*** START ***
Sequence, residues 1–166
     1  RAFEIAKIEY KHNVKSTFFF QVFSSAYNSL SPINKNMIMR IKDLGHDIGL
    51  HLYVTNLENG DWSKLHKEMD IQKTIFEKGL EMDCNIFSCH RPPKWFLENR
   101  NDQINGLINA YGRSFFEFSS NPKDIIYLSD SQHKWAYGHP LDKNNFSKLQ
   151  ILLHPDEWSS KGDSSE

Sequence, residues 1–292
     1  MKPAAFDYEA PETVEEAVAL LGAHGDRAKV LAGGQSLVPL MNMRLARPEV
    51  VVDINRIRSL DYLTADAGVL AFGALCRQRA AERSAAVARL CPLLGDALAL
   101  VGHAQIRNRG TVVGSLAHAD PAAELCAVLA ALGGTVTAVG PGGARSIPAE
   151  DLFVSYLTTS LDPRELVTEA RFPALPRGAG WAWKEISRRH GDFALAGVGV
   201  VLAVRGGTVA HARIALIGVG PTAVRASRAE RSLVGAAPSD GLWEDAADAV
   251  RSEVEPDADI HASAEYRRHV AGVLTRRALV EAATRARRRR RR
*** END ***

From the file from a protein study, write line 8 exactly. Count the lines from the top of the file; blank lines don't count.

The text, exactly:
    51  VVDINRIRSL DYLTADAGVL AFGALCRQRA AERSAAVARL CPLLGDALAL